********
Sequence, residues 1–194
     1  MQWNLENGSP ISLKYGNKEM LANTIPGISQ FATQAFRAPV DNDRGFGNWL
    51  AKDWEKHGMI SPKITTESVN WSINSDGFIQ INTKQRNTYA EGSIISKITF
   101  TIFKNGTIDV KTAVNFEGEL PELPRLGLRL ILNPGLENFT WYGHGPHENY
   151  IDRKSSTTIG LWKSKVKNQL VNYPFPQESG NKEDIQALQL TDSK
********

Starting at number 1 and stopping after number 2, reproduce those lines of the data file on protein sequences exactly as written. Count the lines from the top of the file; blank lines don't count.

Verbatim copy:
Sequence, residues 1–194
     1  MQWNLENGSP ISLKYGNKEM LANTIPGISQ FATQAFRAPV DNDRGFGNWL